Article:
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‘India beyond mythology’

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Well-known writer turned politician Shashi Tharoor says Indian publishers have grown beyond mythology

Indian publishers have grown beyond retelling mythological and historical tales, Congress MP Shashi Tharoor said at an event here, adding that children nowadays have access to good and quality literature.

Chota Bheem enthrals students of Army Public School in Bangalore
Chota Bheem enthrals students of Army Public School in Bangalore

The former HRD minister was speaking Monday at the launch of Room to Read’s 19 Indian language titles in children’s literature on the occasion of International Literacy Day. Room to Read is a non-profit organisation for improving literacy and gender equality in education.
“My parents’ peripatetic life cut me off from Malayalam literature. English language became part of my private life,” said Tharoor.

“The colonial rule made this a common predicament among urban, English-educated Indians. There are few good children’s books available in English language in the Indian market still dominated by the British writers,” he said.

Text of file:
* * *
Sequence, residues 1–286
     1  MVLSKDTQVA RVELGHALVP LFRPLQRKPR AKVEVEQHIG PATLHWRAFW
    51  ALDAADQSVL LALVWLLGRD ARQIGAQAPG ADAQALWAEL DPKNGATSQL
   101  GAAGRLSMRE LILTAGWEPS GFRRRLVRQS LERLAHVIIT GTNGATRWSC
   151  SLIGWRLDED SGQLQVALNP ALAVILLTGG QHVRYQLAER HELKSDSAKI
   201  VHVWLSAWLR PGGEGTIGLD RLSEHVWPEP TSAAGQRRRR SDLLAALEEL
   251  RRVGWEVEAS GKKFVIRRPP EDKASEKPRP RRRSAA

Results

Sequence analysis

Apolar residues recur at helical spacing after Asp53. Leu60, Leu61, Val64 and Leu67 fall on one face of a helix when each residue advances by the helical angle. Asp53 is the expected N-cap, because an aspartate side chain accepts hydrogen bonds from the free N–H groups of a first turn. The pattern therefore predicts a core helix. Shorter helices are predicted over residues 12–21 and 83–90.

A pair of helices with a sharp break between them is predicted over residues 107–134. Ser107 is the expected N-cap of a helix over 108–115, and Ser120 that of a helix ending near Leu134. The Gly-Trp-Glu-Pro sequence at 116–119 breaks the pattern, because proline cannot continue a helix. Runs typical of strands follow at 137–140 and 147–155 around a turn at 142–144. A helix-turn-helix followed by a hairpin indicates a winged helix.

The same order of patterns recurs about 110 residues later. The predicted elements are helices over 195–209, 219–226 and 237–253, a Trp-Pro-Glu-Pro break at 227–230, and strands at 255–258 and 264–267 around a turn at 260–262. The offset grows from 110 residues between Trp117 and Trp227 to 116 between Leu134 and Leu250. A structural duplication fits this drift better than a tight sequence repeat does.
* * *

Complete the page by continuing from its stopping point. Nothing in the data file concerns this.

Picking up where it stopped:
Tharoor said the “one area where Indian publishers could hold themselves was in retelling the Indian classics”.
“The trend is now changing and nowadays kids have access to more English literature books than mythological and historical books,” he said.
Room to Read director Unmesh Brahme said the key to effective reading and learning is unlocking a child’s imagination and increasing the fluency and comprehension level of written and spoken words.
“The market has a big void when it comes to books that appeal to children,” said Brahme.
“We are happy that we are able to train and encourage authors to write for children. This will revive the children’s literature movement in the country,” he added.

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